As we reflect on Christ’s act of kindness this month, we also celebrate the resurrection and ultimate sacrifice that Christ made to save mankind; a sacrifice of which none of us is worthy. During this time of reflection and commemoration, perhaps we should evaluate ourselves, our relationship with others, and particularly our relationship with Christ.
Not only do we not show our love to the One who made this ultimate sacrifice, but lately there appears to be a spirit of hate and rancor hovering over our communities across the nation, and we see it manifested daily in negative behaviors that are becoming increasingly overt. We see it on social media, television and hear about it in our neighborhoods. We’ve all seen the images of chaos of people running out of Jewish Community Centers because of bomb threats. Heinous crimes are being committed in neighborhoods and cities – right next to us. And, daily, people are doing hateful and hurtful things to one another.
Thankfully, we also notice those among us who are determined to model Christ’s act of kindness. We see it play out in the innocence of youth – like little, six-year old Armani Crews who gave up her birthday party so she could feed the homeless. Or, we witness students in Loudoun County, VA who volunteered their time to repair and help restore an old, historic African-American schoolhouse after another group of youth marred it with hate messages. We hear about communities coming together to surprise disabled veterans by making their homes handicap accessible. We also see it in our churches, where members secretly and quietly slip a few dollars in the hands of struggling college students; men volunteer to spend time mentoring young boys, or individuals stay after worship services to help clean up the church. These acts of kindness occur daily among individuals who have a desire and heart to emulate Christ.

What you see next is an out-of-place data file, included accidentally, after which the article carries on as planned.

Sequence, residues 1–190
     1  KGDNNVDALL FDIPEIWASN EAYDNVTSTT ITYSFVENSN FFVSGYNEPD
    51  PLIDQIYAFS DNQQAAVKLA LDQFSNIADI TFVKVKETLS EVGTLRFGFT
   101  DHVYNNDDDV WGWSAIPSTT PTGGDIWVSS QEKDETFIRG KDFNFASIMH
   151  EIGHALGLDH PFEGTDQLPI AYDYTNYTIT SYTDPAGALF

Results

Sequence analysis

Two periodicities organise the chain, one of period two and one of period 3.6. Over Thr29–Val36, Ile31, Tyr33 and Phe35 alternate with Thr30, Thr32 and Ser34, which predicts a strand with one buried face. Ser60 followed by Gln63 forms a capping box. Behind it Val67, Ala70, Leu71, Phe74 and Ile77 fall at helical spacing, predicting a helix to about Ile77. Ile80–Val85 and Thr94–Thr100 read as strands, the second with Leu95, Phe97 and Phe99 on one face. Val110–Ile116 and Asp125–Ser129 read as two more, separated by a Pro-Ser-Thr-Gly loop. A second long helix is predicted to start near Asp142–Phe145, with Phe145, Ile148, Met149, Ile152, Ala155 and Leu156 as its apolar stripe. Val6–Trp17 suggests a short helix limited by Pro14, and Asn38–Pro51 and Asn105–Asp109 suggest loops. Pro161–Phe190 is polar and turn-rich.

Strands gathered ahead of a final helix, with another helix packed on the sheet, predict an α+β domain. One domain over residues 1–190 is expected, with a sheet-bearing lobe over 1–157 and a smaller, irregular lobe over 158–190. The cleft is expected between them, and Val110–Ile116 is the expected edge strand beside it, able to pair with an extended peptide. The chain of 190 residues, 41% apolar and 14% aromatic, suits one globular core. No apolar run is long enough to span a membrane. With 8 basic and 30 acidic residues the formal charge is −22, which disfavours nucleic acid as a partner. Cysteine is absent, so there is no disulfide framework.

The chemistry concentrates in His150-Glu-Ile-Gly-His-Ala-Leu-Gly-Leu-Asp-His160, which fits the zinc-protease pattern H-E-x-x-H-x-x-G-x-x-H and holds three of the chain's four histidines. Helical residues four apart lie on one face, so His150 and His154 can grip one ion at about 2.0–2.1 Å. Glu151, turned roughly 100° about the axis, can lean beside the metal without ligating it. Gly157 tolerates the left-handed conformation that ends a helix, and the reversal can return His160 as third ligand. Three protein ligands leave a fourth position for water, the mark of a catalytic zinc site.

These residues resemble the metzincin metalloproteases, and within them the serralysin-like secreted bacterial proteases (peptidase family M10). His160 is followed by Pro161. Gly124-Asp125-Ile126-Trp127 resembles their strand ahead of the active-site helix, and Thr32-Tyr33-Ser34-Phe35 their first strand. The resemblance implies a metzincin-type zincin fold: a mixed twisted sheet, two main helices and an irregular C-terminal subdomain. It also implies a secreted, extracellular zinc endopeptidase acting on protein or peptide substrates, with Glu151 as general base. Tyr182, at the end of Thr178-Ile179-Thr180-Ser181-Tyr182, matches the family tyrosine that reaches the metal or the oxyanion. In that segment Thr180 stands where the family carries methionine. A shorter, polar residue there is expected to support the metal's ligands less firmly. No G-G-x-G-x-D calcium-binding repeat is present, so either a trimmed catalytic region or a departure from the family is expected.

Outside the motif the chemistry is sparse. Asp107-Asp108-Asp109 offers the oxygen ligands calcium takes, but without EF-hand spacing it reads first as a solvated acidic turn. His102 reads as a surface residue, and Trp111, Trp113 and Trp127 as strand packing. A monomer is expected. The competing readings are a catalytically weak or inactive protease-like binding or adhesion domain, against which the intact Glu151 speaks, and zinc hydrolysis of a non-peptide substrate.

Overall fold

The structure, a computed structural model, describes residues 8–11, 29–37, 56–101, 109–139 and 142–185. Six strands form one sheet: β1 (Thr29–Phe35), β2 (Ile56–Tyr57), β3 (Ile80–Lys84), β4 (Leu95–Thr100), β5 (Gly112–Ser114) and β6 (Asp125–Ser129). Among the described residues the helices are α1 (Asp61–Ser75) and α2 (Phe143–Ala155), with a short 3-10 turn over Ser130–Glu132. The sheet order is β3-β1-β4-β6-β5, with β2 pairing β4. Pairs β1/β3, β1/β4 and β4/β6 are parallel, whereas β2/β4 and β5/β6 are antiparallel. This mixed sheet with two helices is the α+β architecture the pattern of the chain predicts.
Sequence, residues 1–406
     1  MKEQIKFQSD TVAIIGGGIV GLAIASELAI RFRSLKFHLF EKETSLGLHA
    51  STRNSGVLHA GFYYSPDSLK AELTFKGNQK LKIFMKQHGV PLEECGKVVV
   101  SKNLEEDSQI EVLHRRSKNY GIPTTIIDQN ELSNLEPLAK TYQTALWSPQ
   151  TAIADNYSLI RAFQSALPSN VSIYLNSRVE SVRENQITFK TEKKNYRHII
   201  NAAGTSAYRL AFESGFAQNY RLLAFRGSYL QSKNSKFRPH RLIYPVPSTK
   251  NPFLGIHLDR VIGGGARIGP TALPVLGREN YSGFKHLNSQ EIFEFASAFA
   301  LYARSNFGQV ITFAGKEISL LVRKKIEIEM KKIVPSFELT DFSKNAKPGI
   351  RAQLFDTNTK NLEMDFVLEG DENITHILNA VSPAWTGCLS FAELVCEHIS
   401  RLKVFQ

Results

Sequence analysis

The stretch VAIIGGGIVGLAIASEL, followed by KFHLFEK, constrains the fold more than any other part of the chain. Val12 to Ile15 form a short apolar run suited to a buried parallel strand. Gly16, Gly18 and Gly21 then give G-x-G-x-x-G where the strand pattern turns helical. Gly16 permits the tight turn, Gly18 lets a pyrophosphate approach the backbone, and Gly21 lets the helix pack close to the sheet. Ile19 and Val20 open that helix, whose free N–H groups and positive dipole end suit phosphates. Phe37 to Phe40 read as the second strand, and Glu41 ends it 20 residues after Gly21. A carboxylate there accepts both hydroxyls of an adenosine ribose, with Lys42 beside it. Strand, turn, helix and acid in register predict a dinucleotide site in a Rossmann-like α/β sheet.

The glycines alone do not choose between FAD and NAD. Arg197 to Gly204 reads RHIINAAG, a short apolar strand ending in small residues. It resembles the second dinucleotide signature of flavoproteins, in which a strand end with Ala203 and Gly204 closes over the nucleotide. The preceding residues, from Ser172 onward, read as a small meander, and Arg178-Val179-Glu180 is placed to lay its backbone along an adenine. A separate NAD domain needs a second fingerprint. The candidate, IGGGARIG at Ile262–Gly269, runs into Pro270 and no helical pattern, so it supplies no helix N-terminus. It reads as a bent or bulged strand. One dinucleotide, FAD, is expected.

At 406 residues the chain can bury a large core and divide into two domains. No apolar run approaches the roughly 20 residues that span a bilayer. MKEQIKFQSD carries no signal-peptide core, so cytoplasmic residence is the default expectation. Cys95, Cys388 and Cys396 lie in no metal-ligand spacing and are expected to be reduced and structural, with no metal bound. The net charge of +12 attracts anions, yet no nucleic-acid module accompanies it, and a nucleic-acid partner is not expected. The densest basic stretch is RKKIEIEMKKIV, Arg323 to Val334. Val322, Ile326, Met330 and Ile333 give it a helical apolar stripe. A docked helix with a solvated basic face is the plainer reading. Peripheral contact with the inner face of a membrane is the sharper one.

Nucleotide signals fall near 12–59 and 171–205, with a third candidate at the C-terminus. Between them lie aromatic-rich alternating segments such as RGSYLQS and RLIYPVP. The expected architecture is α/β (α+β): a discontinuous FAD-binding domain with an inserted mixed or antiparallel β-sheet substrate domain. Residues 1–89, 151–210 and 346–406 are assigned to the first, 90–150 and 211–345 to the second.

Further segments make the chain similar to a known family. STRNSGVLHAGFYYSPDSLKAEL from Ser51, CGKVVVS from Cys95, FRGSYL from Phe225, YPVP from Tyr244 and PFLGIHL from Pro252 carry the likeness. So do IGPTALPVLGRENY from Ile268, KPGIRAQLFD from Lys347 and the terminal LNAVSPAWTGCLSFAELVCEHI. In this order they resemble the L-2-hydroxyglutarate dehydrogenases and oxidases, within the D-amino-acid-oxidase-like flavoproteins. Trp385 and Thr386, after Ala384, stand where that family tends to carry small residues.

Acts of kindness can be simple, effective, and a great way to demonstrate Christ’s love for us, to others. Most times true acts of kindness are clandestine – not for show – and carried out in genuine love and care for another. In other words, there is nothing to gain. Or, is there? Ephesians 4:32 (ESV), tells us to “Be kind to one another, tenderhearted, forgiving one another, as God in Christ forgave you.” And in Luke 6:38 (ESV), we read, “Give, and it will be given to you. Good measure, pressed down, shaken together, running over, will be put into your lap. For with the measure you use it will be measured back to you.”
”Peace and power.
© Dr. Melvin O. Marriner,